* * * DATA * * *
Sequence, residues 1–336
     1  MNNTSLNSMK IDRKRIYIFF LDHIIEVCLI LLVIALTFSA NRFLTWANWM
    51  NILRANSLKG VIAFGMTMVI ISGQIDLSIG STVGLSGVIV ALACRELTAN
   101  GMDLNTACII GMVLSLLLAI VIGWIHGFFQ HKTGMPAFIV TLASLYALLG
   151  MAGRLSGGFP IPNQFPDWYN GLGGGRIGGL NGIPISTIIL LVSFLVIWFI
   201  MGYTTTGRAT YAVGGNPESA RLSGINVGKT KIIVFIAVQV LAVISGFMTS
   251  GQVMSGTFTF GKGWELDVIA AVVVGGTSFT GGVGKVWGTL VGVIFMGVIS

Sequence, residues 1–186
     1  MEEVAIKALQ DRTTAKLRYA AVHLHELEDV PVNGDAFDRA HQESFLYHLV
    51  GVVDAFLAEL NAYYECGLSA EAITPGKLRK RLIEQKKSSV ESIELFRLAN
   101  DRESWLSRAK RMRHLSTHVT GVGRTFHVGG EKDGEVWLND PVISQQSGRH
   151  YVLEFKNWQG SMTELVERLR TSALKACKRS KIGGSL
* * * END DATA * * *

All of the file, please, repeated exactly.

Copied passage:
Sequence, residues 1–336
     1  MNNTSLNSMK IDRKRIYIFF LDHIIEVCLI LLVIALTFSA NRFLTWANWM
    51  NILRANSLKG VIAFGMTMVI ISGQIDLSIG STVGLSGVIV ALACRELTAN
   101  GMDLNTACII GMVLSLLLAI VIGWIHGFFQ HKTGMPAFIV TLASLYALLG
   151  MAGRLSGGFP IPNQFPDWYN GLGGGRIGGL NGIPISTIIL LVSFLVIWFI
   201  MGYTTTGRAT YAVGGNPESA RLSGINVGKT KIIVFIAVQV LAVISGFMTS
   251  GQVMSGTFTF GKGWELDVIA AVVVGGTSFT GGVGKVWGTL VGVIFMGVIS

Sequence, residues 1–186
     1  MEEVAIKALQ DRTTAKLRYA AVHLHELEDV PVNGDAFDRA HQESFLYHLV
    51  GVVDAFLAEL NAYYECGLSA EAITPGKLRK RLIEQKKSSV ESIELFRLAN
   101  DRESWLSRAK RMRHLSTHVT GVGRTFHVGG EKDGEVWLND PVISQQSGRH
   151  YVLEFKNWQG SMTELVERLR TSALKACKRS KIGGSL